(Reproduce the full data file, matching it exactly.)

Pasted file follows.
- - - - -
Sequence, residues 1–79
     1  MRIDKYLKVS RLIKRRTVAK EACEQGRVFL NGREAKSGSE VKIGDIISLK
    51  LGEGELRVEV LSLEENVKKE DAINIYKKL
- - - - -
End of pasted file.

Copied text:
Sequence, residues 1–79
     1  MRIDKYLKVS RLIKRRTVAK EACEQGRVFL NGREAKSGSE VKIGDIISLK
    51  LGEGELRVEV LSLEENVKKE DAINIYKKL